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Figure 1. Example of Signal Measurement at a Chip Output, a Kirchoff Measurement
Connection of many measurement instruments to a circuit involves forming a loop. Using a scope probe to make a voltage measurement is an example. The probe tip and ground connection, or the connection of the circuit to the two inputs of a differential probe, must form a loop. This loop can be either more or less important to the results of the measurement depending on the kind of measurement to be made. I divide voltage measurements that use a probe into two categories, which I call Kirchoff or Faraday voltage measurements. Measurements described on this site have included both types and it is time to explicitly explore the implications of these measurements.
In a Kirchoff voltage measurement, so named for Kirchoff's Law that says the sum of voltage drops around a loop equal zero, the measurement is made of a voltage source or signal that does not involve magnetic field effects. Measurement of the output of a gate, similar to that shown in Figure 1, falls into this category. Kirchoff's law says that the source voltage is equal to minus the voltage across the probe since the sum around the loop must be zero. The result is that the position or shape of the loop is not important to the measurement result if the inductive reactance of the measurement loop is much smaller than the probe input impedance.
On the other hand, a Faraday voltage measurement, named for Faraday's Law which says a voltage induced in a loop is proportional to the time changing magnetic flux passing through the loop, involves a voltage that is generated by a time varying magnetic field not a voltage source like a logic gate. An example of this kind of measurement would be a measurement of the Ldi/dt drop across a conductor carrying a high frequency current. One such case is shown in Figure 2 where a differential probe is used to measure the voltage drop across a short length of wire carrying a signal current that is generating an Ldi/dt drop along the wire. The measurement shown in Figure 2 was described in the June 2002 Technical Tidbit on this site titled "Using Mutual Inductance to Measure Voltage Drops in Circuits."
Figure 2. Example of Ldi/dt Voltage Measurement, a Faraday Measurement
In the case of a Faraday voltage measurement, the position and shape of the measurement loop is very important to the result. The probe reads the voltage generated by the time changing magnetic field passing through the loop formed by the probe, its connections to the circuit, and the measured circuit itself. In Figure 2 this includes the current carrying wire and the probe clips and body. We ascribe the result to voltage drop along the wire, but it is really generated in the loop by the time changing magnetic flux passing through the loop. Thus the geometry of the loop is important to the measurement result. If the probe connections were significantly shorter, thus making the measurement loop smaller in Figure 2, a lower voltage reading would likely result as the smaller measurement loop will enclose less of the magnetic flux from the current in the wire.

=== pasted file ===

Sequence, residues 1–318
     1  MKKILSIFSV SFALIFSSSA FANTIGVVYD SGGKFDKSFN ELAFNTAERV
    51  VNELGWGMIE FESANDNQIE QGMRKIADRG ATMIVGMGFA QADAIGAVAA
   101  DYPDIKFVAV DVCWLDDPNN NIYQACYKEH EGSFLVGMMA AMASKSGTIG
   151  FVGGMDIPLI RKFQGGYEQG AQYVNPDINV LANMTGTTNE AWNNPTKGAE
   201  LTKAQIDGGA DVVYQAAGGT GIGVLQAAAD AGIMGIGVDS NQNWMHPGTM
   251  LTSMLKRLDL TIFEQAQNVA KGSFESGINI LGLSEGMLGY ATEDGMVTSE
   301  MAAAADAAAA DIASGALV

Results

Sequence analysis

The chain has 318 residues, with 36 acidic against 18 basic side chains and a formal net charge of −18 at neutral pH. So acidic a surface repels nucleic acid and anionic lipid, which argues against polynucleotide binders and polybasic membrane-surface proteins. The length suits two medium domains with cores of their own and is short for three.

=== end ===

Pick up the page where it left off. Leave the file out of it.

The voltage measured by a probe in a Faraday measurement generally is not actually seen by any particular circuit element and one must be careful about interpreting the result of such a measurement. For example, if a differential probe is used to measure the drop across the ground plane of a printed wiring board, the measured voltage does not actually appear at any particular gate input. This can be seen with reference to Figure 3 where a source IC is transmitting a signal to a load IC. Let's assume a high frequency noise current is flowing on the ground plane. The noise current generates a magnetic field that affects the signal seen by the load IC as well as the measurement instrument, Vmeas (possibly an oscilloscope).
Figure 3 shows the loop of the ground plane end-to-end voltage measurement as well as the signal loop. The small loop between the signal path and the ground plane will cause the load IC input to see a much smaller voltage due to the ground plane noise current than the measurement instrument will see with its larger loop used to make the measurement. This is so because much of the ground plane noise current's magnetic field field will extend outside of the small loop composed of the signal path and the ground plane. The larger measurement loop will intercept more of the noise induced magnetic field of the ground plane current and will thus result in a larger reading at Vmeas that what the load IC sees. I am assuming that the voltage generated in both loops appears across a high impedance load, either the load IC or the Vmeas instrument.
Figure 3. Comparison of Loops in Voltage Measurement and Signal Transmission Between Two ICs
So it appears there may not be much of a correlation between the reading of Vmeas and what the load IC input actually sees in this case.
In cases involving high speed electronic circuits, voltage measurements are usually a combination of Kirchoff and Faraday voltage measurements. To the extent that magnetic fields are present that contribute significantly to the result, care must be exercised in the measurement technique and the interpretation of the measurement results. One important source of magnetic fields that find their way into measurements is ESD, electrostatic discharge. Many articles on this website describe ESD effects.
Related measurement articles on this website are:
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